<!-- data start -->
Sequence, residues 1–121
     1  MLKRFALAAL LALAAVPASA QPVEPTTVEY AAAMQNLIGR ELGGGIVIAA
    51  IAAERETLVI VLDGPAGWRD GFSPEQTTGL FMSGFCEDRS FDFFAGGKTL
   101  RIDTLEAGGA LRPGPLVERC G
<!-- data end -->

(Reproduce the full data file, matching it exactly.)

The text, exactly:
Sequence, residues 1–121
     1  MLKRFALAAL LALAAVPASA QPVEPTTVEY AAAMQNLIGR ELGGGIVIAA
    51  IAAERETLVI VLDGPAGWRD GFSPEQTTGL FMSGFCEDRS FDFFAGGKTL
   101  RIDTLEAGGA LRPGPLVERC G